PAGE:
Maybe because each of the new signs could be as big as two old signs combined. And the law repeals itself, permanently, as soon as the state billboard inventory declines by at least 1,500 structures to about 11,000.
"It won't change the way Missouri looks," says Amelia Cottle of Scenic Missouri, which supports a Prop A-style alternative bill. If the sign companies' bill passes, expect those scarce state billboard permits to become pricy assets for the billboard companies. Want to put up a sign or start a billboard business? Go to Louisiana and buy some Missouri state permits from the Lamar billboard company. "It creates more of a monopoly for those who hold permits," Cottle notes.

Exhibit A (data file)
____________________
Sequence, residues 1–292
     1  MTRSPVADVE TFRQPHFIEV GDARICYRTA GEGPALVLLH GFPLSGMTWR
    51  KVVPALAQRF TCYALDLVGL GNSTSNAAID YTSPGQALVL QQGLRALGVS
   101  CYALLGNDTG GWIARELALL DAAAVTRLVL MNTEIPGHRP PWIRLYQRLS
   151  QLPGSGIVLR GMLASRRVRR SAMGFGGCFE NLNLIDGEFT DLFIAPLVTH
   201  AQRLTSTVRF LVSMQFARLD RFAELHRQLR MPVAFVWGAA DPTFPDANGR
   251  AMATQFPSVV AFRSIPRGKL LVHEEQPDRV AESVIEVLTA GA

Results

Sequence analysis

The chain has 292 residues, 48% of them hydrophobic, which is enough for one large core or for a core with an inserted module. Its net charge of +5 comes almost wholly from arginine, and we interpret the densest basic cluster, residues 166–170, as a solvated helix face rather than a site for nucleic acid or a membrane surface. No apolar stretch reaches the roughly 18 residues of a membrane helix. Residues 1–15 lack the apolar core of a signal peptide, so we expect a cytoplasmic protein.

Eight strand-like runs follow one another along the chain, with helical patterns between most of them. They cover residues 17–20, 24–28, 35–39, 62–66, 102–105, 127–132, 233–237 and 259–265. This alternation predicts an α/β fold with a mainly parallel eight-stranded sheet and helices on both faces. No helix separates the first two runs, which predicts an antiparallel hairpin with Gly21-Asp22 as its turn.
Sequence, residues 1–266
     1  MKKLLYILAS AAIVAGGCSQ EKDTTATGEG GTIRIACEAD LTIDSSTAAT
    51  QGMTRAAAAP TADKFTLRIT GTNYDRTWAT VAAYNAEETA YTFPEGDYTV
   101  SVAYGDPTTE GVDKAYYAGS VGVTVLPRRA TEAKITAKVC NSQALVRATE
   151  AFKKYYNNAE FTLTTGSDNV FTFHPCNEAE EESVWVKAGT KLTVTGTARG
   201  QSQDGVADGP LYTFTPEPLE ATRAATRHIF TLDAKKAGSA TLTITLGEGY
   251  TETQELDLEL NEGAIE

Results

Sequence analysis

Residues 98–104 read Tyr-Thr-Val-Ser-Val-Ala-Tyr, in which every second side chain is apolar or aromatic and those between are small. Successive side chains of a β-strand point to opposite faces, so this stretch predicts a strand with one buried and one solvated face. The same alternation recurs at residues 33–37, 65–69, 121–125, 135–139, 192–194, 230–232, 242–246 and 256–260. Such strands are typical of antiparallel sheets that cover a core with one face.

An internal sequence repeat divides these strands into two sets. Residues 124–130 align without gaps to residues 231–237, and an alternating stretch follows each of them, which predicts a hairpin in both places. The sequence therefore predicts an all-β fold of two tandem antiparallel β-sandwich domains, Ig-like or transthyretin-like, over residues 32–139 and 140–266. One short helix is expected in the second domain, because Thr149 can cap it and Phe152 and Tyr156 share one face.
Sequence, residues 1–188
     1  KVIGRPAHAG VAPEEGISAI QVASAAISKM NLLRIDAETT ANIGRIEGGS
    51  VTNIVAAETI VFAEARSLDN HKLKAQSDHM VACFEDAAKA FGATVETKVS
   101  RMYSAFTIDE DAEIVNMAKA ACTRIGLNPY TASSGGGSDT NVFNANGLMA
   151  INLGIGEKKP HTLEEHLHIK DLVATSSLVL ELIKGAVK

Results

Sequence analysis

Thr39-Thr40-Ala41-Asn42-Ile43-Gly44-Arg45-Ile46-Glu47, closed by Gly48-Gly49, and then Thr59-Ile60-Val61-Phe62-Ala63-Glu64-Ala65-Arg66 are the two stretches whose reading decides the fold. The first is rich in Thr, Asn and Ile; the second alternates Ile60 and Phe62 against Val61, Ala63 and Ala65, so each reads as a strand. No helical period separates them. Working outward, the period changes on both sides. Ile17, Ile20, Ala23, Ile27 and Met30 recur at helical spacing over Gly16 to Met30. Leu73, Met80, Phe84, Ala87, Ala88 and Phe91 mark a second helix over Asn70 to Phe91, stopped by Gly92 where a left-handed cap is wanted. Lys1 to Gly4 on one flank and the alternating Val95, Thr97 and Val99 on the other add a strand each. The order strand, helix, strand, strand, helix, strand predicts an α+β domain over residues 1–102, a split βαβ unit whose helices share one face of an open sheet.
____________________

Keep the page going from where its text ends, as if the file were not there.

Sure, some Missouri billboards might come down: the smallest, oldest and most decrepit ones, Cottle says. More likely, however, those small signs will be made bigger as sign owners add "extensions." (Think guitar necks poking out from a Branson billboard.)
And the billboard industry can't get the law changed soon enough: Its bill includes an emergency clause calling for immediate enforcement upon the governor's signature.
Remember the dire warnings about economic collapse if Prop A passed? Small businesses would suffer, the billboard lovers told us. So why can't the sign companies find advertisers now?
Three months after the election, "Vote no on Proposition A. It's bad for business" still screams from pasted paper along eastbound I-670, just as drivers enter the jackass state. "Thanks, Missouri," chimes an added-on banner splayed across the campaign slogan. Why hasn't a small business bought that space?
Other out-of-season messages abound, such as phone-book billboards touting the "summer's hottest hits" that have razzed I-35 motorists downtown as they spun out on snow and ice all winter.
And unfortunately, we're all too often reminded that "Lamar is watching." Yes, the billboard companies are now just advertising themselves. Thanks, Missouri!